Marshall 'Major' Taylor - cycling's first Black world champion - could receive a Congressional Medal, 92 years after his death

The award would be in recognition of his significance to the nation as an athlete, trailblazer, role model and equal rights advocate

Major Taylor
(Image credit: Getty Images)

Tomorrow, December 7, 2023, U.S. Congressman Jonathan L. Jackson (D-IL-01) will introduce a bill to award a Congressional Gold Medal posthumously to Marshall Walter "Major" Taylor – cycling's first Black world champion – in recognition of his significance to the nation as an athlete, trailblazer, role model and equal rights advocate. 

The Congressional Gold Medal is the highest civilian award in the United States. The only other cyclist to have been awarded the Congressional Gold Medal is Greg LeMond

The proposed legislation is cited as the "Marshall 'Major' Taylor Congressional Gold Medal Act" is co-signed by a bipartisan group of Members of Congress but will need the approval of two-thirds of both chambers to be considered. 

Born in November 1878 in Indianapolis, Indiana, to parents likely formerly enslaved in Kentucky, Taylor's life was one of both staggering triumphs and daunting challenges. 

Throughout his career, Taylor overcame constant racial discrimination, closed doors, open hostility and numerous instances of racial prejudice to become one of the greatest track cyclists of all time

Known as the "Worcester Whirlwind," Taylor won both national and world championships and held numerous world records —including the standing start one-mile world record of 1:41 that stood for 28 years. Despite facing racial prejudice from an early age, Taylor emerged as one of the first Black athletes to secure corporate sponsorship, becoming one the highest-paid athletes of his era.

In addition to his lightning-fast sprints, Taylor was also known for his sportsmanship, disciplined training and devotion to his faith. Taylor retired from racing in 1910 and, 18 years later, published his autobiography, "The Fastest Bicycle Rider in the World," in which he called for justice, equal rights and fair treatment for African Americans in sports and beyond.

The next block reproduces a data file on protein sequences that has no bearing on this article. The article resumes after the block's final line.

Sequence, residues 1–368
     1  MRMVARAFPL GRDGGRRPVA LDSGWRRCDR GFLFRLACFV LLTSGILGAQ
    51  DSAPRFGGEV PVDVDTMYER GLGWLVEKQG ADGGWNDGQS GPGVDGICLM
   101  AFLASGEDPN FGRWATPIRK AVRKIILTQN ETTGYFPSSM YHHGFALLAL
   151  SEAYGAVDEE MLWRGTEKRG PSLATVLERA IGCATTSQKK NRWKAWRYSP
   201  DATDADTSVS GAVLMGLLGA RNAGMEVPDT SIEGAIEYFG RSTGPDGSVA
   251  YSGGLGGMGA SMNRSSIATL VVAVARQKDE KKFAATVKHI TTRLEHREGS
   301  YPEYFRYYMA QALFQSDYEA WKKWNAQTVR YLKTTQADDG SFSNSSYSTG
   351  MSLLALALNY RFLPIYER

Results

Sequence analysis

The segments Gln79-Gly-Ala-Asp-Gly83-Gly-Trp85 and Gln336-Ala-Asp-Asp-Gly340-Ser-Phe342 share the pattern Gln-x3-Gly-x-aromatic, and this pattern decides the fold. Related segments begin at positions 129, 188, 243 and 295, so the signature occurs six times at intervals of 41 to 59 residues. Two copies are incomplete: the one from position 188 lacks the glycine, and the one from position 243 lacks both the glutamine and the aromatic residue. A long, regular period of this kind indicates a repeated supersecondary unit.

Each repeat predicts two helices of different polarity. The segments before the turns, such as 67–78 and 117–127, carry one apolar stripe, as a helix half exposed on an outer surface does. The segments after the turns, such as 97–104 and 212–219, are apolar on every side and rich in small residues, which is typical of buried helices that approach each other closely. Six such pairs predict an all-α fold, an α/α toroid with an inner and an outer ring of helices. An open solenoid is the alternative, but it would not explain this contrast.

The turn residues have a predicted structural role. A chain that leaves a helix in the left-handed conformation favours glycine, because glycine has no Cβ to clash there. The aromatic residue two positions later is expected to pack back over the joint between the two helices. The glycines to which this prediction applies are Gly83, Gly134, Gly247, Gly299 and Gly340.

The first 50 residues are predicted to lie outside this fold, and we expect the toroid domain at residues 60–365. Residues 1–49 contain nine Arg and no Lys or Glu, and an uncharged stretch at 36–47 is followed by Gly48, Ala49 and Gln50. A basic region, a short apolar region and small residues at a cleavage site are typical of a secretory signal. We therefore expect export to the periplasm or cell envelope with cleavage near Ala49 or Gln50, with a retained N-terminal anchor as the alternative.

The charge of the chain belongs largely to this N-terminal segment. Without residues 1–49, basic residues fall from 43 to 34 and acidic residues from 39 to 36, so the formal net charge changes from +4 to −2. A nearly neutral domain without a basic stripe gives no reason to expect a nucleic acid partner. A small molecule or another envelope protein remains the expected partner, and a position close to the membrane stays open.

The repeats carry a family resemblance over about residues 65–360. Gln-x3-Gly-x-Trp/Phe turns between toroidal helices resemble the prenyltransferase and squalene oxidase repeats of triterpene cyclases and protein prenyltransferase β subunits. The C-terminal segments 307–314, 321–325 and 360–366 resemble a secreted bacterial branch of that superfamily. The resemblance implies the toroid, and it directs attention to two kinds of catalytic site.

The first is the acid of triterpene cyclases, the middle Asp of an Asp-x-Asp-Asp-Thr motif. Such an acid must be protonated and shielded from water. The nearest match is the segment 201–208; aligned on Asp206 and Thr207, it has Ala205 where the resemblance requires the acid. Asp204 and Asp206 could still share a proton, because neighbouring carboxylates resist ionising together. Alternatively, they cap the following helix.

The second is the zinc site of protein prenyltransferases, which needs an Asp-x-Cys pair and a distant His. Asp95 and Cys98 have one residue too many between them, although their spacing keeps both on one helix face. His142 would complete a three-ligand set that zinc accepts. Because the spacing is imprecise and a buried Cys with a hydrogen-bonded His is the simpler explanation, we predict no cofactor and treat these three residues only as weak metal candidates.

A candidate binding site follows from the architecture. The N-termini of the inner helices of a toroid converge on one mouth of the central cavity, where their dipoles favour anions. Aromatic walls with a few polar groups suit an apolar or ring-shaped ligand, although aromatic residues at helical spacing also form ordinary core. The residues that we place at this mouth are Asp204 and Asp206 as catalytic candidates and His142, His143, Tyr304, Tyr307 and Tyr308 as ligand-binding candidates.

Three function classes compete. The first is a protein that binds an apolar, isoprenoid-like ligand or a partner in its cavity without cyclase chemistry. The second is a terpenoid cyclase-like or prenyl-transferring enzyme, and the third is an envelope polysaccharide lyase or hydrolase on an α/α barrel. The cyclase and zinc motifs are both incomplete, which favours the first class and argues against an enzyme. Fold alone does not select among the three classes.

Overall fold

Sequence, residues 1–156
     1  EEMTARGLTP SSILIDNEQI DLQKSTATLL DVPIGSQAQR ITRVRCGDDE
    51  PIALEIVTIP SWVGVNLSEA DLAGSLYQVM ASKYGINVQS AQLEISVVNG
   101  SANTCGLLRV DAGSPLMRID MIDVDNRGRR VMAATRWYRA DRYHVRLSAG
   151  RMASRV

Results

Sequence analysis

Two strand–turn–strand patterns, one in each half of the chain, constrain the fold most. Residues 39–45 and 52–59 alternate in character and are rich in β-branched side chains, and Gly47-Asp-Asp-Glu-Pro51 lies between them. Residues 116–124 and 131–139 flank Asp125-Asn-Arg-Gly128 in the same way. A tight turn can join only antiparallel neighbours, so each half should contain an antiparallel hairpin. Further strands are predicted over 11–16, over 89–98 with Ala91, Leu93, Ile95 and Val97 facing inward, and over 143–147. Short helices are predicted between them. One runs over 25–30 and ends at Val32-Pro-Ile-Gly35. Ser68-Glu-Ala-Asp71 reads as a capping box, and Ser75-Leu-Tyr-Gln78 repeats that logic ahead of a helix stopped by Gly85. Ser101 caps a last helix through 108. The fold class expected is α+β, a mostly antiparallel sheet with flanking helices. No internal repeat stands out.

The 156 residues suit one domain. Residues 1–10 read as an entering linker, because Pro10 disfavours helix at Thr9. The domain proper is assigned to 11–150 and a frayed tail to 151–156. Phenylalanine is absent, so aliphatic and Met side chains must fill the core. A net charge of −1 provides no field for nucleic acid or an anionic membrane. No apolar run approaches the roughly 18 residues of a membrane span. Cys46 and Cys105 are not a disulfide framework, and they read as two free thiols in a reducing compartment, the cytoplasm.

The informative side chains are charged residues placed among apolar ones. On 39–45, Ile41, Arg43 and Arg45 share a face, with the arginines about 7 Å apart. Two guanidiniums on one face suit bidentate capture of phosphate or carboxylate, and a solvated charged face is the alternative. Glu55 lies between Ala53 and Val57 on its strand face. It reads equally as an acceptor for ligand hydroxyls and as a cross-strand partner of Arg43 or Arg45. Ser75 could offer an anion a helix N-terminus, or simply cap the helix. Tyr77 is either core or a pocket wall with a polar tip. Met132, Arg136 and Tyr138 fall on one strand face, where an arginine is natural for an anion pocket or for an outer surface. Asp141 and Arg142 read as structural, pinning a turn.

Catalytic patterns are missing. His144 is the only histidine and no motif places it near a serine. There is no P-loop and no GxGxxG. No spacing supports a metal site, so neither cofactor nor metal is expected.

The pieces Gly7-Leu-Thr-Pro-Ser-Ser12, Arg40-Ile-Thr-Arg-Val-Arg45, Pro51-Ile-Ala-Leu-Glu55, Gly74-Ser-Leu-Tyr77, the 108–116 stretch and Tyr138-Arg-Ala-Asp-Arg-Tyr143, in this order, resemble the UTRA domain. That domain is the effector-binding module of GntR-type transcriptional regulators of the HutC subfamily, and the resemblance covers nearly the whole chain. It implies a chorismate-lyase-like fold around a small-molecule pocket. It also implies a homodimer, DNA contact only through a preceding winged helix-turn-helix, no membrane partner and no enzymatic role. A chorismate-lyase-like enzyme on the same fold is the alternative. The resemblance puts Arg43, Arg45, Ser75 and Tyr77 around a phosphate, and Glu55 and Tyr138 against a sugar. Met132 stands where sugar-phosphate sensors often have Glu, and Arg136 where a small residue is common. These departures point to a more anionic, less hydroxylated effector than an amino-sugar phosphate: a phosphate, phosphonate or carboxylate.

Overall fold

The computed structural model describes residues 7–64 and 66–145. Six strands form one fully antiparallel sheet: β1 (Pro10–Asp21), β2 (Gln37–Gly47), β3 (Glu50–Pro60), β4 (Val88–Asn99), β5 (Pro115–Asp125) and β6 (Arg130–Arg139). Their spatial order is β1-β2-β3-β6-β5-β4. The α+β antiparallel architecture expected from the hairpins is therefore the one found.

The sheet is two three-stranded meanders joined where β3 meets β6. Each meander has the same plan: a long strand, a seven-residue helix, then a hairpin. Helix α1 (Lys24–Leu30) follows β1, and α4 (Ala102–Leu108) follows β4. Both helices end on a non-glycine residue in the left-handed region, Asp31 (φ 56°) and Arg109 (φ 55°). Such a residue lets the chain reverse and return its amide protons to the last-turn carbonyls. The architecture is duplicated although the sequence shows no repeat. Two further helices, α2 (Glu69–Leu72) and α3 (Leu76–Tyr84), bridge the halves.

With this Congressional Gold Medal, Congressman Jackson hopes to not only commemorate his contributions but also educate future generations about his remarkable story.

In speaking with Cycling Weekly, Congressman Jackson's Communications Director, Matt Schoonmaker, called Taylor America's First Black Sports Star and more pointedly, "the greatest athlete you have never heard of."

"Congressman Jackson (also the son of Rev. Jesse Jackson) wasn't initially familiar with him. Most folks aren't, unfortunately," Schoonmaker said. "But the Congressman came across him and the more he learned about him, the more passionate he's become about it."

In presenting the legislation, Congressman Jackson has 26 bipartisan cosponsors, including Republican co-lead Jim Baird (R-IN-04), Danny Davis (D-IL-07), Robin Kelly (D-IL-02), André Carson (D-IN-07), Henry "Hank" Johnson (D-GA-04), Barbara Lee (D-CA-12), Eleanor Holmes-Norton (D-DC), Janice Schakowsky (D-IL-09), Mike Quigley (D-IL-05), Earl Blumenauer (D-WA-03), James McGovern (D-MA-02), David Scott (D-GA-13), Gwen Moore (D-WI-04), Sheila Jackson-Lee (D-TX-18), Mike Thompson (D-CA-04), Jasmine Crockett (D-TX-30), Raul Grijalva (D-AZ-07), Alma Adams (D-NC-12), Al Green (D-TX-09), Rashida Tlaib (D-MI-12), Raja Krishnamoorthi (D-IL-08), Sheila Cherfilus-McCormick (D-FL-20), Chuy Garcia (D-IL-04), David Trone (D-MD-06), Ann Kuster (D-NH-02) and John Duarte (R-CA-13). 

If the legislation is passed, the medal will be presented posthumously to Taylor's great-granddaughter, Karen Donovan.

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